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Best of the Blogs: Report Says Russian Hacker Leaked 6.5 Million LinkedIn Passwords Online

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Plus, do prosecutors have a case against MF Global executives?

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This column highlights the most interesting and useful business and financial commentary from around the Web each day. Use our comments section to post your own suggestions for blog content that you've read or written.
Mashable
Link: 6.5 Million Encrypted LinkedIN Passwords Leaked Online [REPORT]

"It's not a good day for LinkedIn (LNKD). After reports that its iOS app potentially violates user privacy by sending detailed calendar entries to its servers, comes a report that 6.46 million encrypted LinkedIn passwords have leaked online."

The New York Times: DealBook
Link: Assessing a Case Against MF Global Executives

"Much as the mythical Icarus plunged to his death after he flew too close to the sun, the trustee's report on the demise of MF Global (MFGLQ) shows how the firm pushed the permissible uses of customer money to the edge until the firm collapsed. The question is whether prosecutors can build a criminal case or whether management stayed close enough to the line to avoid being charged.

"The report issued by James W. Giddens, the trustee tasked with returning the money to customers, describes the rapid growth of MF Global after Jon S. Corzine took over as chief executive in 2010. While he had global ambitions for the firm, its infrastructure never kept pace with the complexity of the broader financial system."

Financial Times: BeyondBRICS
Link: Islamic Bonds: Then There Was Light

"It's no fun being a bond investor these days. You either invest in safe havens like US and German bonds and get a negative return, or go on adventure in countries like Spain and can't be sure you'll get your money back.

"So the emergence of Shariah compliant sukuk offers an appealing middle way. With the London 2012 Sukuk Summit being held on June 6 and 7, beyondbrics reviews the latest developments in the market.

"First to catch the eye is a steady rise in sukuk indices in the last few months. The Dow Jones Sukuk Index, for example, which measures the total return on US dollar denominated Islamic bonds, ended higher in May for the sixth time in as many months. Since 2009, the index has performed twice as well as the Barclays Capital Bond Composite Global Index, a benchmark for bonds."

Zero Hedge
Link: Another Spanish Bailout Plan Taking Shape As Germany Folds

"Reuters reports, 'A deal is in the works that would allow Spain to recapitalize its stricken banks with aid from its European partners but avoid the embarrassment of having to adopt new economic reforms imposed from the outside, German officials say. While Berlin remains firm in its rejection of Spain's calls for Europe's rescue funds to lend directly to its banks, the officials said that if Madrid put in a formal aid request, funds could flow without it submitting to the kind of strict reform program agreed for Greece, Portugal and Ireland.'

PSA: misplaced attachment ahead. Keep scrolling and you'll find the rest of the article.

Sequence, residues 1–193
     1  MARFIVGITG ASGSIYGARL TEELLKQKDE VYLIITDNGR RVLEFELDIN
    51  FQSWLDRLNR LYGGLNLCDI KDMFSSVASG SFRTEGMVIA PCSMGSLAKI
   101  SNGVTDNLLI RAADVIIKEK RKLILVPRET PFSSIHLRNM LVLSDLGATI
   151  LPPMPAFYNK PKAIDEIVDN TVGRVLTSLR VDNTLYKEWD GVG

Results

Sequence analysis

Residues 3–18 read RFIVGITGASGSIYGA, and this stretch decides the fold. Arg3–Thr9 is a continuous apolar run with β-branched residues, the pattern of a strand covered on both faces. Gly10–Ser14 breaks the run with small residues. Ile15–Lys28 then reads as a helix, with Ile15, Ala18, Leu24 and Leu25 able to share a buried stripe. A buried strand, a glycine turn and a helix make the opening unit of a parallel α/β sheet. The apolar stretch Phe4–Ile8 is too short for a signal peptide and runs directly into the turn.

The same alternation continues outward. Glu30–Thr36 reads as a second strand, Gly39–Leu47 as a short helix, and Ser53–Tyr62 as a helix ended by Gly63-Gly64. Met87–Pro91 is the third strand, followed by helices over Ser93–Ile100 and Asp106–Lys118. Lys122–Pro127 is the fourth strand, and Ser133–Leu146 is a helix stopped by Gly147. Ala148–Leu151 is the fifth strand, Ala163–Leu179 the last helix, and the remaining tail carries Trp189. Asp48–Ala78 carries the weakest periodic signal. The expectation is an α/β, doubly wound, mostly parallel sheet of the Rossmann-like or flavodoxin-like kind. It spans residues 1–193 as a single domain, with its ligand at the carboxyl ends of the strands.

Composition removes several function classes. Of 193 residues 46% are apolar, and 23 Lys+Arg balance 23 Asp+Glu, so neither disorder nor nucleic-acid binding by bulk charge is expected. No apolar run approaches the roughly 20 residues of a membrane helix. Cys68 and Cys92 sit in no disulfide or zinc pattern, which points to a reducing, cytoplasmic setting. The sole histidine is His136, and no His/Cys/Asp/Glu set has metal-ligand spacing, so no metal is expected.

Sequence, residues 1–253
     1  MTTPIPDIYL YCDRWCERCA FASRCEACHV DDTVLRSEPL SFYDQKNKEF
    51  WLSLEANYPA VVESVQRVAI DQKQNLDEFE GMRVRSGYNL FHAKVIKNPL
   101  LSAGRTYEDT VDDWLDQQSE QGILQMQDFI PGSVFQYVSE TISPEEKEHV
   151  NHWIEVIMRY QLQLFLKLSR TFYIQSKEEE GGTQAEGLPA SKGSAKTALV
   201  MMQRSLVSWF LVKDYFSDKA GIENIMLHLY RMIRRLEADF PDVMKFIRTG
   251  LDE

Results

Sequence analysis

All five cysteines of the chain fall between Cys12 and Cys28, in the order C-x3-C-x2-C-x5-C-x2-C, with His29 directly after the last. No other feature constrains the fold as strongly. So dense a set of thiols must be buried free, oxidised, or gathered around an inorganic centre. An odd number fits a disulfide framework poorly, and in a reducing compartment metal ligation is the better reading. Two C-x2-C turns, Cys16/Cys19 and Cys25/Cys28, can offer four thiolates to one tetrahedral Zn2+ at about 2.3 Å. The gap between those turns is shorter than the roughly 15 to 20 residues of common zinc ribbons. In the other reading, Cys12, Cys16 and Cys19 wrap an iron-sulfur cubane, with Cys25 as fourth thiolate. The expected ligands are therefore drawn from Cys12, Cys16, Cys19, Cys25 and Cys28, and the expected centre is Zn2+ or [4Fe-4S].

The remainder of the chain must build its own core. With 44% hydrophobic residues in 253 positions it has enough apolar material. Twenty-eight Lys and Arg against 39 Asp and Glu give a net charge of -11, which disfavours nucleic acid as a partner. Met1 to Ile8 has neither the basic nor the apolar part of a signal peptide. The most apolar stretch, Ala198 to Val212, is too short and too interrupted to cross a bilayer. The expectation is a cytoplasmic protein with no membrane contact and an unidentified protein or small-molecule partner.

"Whether this is merely more posturing out of Germany to telegraph it is willing to step in, without actually doing it will likely soon be tested. When that happens, expect a backlash: 'Merkel has also sent the message that she is open to Europe-wide supervision of the banking sector, albeit as a "medium-term" goal, one element of a proposed "banking union" to break the vicious circle of interdependence between Europe's financial institutions and its sovereigns."

All Things D
Link: With Galaxy S III, Samsung makes the Case That One Size Does Fit All

"With the the first Galaxy S phones, Samsung (SSNLF) managed to make sure each device was tagged as "a Galaxy S smartphone," even though each of the U.S. carriers had their own moniker, such as Fascinate, Vibrant and Captivate. With the Galaxy S II, there were still variations in design and screen size, though the Galaxy S II name was universally adopted. (Sprint did insist on appending the Epic 4G Touch to the name, giving its Galaxy S II a long name and a split personality.)

"This time around, Samsung is changing all that. Each U.S. carrier is selling essentially the same Galaxy S III device. It looks the same and packs nearly identical features, with the cellphone radio being the only key variable. (The phone supports LTE networks on Sprint (S), Verizon (VZ), and AT&T (T), while using HSPA+ on T-Mobile.)"

Twitter: @ChrisWitrak
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